Holy crap people, read the law please!
All it does is make distance restrictions, not unlike any other city in this country. Go to any city and file a parade or gathering permit and they will tell you where you must remain, how long the permit is good for and sometimes even restricts the number of people.http://privacysos.org/node/763
In May the city adopted a temporary ordinance that will clamp down on protests in dozens of blocks near the Tampa Convention Center. Among other things, the ordinance requires a permit for groups of 50 or more to gather in parks; sets a limit of 90 minutes on parades; and bans an array of items, including glass bottles
, aerosol cans and pieces of rope longer than six feet. It also provided for an official parade route for protesters along with viewing areas.http://www.nytimes.c...ntion-security-draw-criticism.html?pagewanted=all
In both cities, people organizing protests have criticized the areas as being too far from the action, too restrictive and not particularly comfortable or conducive for expressing opinion to the people attending the convention, although city officials say the areas and the permitting process meet legal standards for such public expression developed after protests in other cities.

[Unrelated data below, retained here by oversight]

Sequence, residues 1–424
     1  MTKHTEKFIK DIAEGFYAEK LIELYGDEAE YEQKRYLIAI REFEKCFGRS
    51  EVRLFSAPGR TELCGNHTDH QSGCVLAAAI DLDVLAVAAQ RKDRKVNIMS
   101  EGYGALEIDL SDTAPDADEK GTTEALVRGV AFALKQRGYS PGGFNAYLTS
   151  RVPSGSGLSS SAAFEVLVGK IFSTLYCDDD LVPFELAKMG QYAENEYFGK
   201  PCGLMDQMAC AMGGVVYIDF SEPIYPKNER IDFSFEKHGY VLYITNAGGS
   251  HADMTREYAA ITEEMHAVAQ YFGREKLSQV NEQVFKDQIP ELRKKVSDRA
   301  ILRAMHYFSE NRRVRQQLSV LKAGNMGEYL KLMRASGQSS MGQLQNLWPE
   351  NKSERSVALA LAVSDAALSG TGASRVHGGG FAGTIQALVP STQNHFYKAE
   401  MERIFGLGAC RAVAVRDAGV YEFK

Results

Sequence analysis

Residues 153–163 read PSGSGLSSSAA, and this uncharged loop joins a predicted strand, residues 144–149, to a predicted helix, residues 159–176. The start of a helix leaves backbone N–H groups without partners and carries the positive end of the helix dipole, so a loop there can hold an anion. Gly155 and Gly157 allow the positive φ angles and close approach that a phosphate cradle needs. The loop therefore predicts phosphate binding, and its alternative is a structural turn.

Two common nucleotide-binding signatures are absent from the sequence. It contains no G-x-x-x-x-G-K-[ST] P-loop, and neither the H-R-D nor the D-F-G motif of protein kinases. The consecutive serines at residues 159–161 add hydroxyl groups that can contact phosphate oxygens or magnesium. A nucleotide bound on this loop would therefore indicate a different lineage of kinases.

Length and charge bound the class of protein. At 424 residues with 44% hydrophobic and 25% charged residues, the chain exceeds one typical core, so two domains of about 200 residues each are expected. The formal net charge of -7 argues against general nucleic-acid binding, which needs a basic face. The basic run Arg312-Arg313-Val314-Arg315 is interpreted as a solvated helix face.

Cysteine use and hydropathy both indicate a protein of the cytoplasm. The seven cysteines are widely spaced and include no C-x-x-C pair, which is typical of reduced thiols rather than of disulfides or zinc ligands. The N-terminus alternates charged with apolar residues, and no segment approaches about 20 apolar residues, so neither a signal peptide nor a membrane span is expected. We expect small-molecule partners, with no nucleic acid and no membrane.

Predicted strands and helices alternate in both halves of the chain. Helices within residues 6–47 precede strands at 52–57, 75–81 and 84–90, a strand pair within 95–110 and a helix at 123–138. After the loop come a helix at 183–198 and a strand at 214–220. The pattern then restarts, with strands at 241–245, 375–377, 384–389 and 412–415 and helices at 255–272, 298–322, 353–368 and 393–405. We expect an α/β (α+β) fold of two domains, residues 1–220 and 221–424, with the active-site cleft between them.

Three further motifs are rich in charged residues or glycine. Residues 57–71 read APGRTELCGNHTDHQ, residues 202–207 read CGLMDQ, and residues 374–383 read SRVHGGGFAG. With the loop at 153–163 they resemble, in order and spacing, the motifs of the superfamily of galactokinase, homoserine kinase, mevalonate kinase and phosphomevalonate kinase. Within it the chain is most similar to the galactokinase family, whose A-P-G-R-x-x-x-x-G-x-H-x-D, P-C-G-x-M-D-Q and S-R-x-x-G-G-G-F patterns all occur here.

Michael Zytkow of Occupy Charlotte said the security zone covers “every part of Uptown that anyone would normally walk through.” And the area set aside for the “free speech zone” is so remote, “we’re calling it a parking lot tour,” he said.
In the interest of fair reporting, you'll notice that both political parties are restricting areas for protests and parades during their respective conventions.
And...the justification for such restrictions are pointed out for those who care to read, the third being the operative clause in this case.http://www.lectlaw.com/files/con10.htm
Three general first amendment principles guide departmental decision making in controlling public protest.
First, political speech in traditional public forums, such as streets and parks, is afforded a very high level of first amendment protection, and blanket prohibitions of such speech are generally unconstitutional.
Second, reasonable time, place, and manner restrictions on such speech are permissible if they are content-neutral, narrowly tailored to serve substantial government interests, and leave ample alternative ways for the speech to occur.Third, speech or expressive conduct can be restricted because of its relationship to unlawful conduct, such as disorderly conduct or trespass.